Derek McCaw: How did it feel to go back and watch it?

Brian Froud: In one sense it’s a bit spooky. I’m always a person who wants to go forwards, not backwards. However, I’m intensely proud of these two movies that Jim Henson gave me the opportunity to collaborate with him. I know Jim himself was really proud of these films.

“What’s under the carpet?”

However, to review them is like a drowning man, seeing your past life in front of you. But I had a great experience doing the commentary. I was very nervous about doing it, but I went to Peter Gabriel’s recording studio in England. It’s in an old mill. Beautiful place, he has a beautiful studio there. They set up a little room for me. And it was very nice, there was a nice comfy chair, and a nice carpet and a table lamp, a nice bit of a folding screen and a television.

I thought this is really quite lovely, but I felt that something was not quite right. And I said, “what’s under the carpet?” They said, “well, have a look.” So I picked the carpet up and underneath was a plate of glass, because it’s right in the middle of the mill. You could see the water rushing underneath, and I thought, “oh, dear. I was hoping to be more stable and grounded to do this.”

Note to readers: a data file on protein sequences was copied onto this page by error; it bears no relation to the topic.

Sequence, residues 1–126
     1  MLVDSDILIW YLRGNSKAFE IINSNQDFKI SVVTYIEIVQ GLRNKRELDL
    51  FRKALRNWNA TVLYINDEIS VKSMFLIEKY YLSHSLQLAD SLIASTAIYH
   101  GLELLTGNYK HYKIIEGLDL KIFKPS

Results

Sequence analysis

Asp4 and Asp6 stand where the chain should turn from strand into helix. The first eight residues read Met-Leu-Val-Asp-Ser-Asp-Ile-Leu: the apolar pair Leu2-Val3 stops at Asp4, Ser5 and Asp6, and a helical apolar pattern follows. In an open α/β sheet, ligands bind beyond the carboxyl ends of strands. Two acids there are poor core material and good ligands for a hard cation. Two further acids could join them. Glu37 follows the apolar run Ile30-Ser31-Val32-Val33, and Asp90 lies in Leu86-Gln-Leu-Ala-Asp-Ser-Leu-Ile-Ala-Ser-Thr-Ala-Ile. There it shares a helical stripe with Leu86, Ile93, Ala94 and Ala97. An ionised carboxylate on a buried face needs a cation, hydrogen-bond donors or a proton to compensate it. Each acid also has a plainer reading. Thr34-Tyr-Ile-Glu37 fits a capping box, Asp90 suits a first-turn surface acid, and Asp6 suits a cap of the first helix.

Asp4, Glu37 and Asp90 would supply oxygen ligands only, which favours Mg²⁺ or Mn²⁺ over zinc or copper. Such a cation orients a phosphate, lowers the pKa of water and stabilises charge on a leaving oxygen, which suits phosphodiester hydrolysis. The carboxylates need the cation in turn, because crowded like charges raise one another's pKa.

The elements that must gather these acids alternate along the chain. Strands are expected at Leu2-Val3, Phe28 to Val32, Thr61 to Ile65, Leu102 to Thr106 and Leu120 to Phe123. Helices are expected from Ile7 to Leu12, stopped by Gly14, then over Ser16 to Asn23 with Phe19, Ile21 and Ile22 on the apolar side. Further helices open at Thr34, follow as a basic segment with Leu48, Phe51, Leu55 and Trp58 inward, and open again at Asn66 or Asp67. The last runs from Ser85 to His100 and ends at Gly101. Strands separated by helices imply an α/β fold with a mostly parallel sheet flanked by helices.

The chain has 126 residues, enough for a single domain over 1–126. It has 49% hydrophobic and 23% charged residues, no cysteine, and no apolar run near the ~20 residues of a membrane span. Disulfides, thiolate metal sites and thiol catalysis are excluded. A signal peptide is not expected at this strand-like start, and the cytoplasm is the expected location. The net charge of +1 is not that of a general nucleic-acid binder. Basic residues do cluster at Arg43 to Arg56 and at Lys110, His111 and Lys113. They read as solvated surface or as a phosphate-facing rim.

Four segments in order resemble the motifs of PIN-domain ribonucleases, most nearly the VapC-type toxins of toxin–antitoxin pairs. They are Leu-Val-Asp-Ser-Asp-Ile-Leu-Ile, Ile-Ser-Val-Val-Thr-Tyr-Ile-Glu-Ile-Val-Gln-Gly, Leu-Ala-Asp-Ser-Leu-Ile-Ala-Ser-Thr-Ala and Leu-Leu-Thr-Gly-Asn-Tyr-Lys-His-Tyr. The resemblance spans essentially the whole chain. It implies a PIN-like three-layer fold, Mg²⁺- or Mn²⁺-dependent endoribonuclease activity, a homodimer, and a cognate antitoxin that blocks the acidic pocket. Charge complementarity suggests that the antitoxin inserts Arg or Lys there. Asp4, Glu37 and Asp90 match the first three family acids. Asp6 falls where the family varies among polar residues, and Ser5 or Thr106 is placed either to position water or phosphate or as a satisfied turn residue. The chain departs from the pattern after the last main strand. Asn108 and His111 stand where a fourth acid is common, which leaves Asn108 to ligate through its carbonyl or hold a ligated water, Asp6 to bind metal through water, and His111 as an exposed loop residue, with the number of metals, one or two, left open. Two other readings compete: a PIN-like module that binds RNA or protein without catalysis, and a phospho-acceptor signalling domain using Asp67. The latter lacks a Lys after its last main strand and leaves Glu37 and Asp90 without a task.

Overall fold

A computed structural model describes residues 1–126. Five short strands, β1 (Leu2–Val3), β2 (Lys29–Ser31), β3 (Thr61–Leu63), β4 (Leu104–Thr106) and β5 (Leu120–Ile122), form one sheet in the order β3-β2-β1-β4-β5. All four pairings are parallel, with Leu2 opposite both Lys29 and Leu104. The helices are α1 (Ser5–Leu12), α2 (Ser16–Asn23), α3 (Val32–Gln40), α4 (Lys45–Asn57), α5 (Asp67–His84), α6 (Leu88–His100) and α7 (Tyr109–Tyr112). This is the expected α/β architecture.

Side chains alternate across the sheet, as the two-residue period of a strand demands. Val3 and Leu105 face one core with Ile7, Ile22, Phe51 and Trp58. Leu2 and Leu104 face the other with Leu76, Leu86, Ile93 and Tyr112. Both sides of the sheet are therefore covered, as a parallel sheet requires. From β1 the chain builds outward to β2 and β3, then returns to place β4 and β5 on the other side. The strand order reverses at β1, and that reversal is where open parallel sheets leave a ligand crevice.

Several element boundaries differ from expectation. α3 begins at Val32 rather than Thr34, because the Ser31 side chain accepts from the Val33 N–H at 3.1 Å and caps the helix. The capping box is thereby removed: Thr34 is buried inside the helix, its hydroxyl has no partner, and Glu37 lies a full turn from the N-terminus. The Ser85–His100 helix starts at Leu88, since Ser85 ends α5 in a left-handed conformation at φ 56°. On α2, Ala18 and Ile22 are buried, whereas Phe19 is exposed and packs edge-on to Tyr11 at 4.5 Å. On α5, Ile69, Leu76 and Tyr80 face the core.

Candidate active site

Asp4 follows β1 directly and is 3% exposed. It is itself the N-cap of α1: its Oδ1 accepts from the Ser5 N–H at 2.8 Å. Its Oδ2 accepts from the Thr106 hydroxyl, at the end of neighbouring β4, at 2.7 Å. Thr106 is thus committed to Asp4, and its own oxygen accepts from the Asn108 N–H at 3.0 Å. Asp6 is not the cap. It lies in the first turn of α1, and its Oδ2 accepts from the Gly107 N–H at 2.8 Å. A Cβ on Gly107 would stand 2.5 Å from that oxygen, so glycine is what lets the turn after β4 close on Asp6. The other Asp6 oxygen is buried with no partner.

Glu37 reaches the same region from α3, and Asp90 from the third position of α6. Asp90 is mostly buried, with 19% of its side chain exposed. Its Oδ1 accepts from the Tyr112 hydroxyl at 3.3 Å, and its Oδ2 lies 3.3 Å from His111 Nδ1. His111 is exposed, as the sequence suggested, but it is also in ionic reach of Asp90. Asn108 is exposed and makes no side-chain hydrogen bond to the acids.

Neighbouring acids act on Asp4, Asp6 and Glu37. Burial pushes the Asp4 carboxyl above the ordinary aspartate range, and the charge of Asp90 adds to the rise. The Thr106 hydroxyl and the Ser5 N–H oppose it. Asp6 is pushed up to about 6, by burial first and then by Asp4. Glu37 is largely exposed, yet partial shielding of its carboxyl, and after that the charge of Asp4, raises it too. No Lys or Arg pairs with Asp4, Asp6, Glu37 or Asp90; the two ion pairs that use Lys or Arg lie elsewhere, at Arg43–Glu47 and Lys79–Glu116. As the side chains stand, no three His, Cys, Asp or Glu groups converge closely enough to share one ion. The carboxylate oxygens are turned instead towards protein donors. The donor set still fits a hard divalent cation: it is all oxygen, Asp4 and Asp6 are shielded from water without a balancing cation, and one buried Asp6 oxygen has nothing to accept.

But I took it as a metaphor, that I have to re-engage with this. I sat there. I was going to do both of them; I was going to stay the night there, because I was really most worried about being overcome with emotion, I think. Could I really deal with it? I’d had a word with the sound man. It was just me and the films and the sound man. I said, “I’m not sure I can do this, because I was never there,” and he looked at me horrified. (chuckling) I said “I don’t mean it that way,” in case he thought I was some strange interloper. What I mean by that is that it was rare that I was on the set. I was on the next set, getting that ready. Or I was in the workshop getting the puppets ready for Jim. I didn’t see a lot of the actual filming.

Whereas if Jim were here, he could tell his stories about what was going on on the set. So I thought, do I have anything to say? I didn’t know. And I sat there, and they just ran the film, and I found that I’d talk. I just tried to talk about what it felt like, what my emotions were, or what was going on in the story…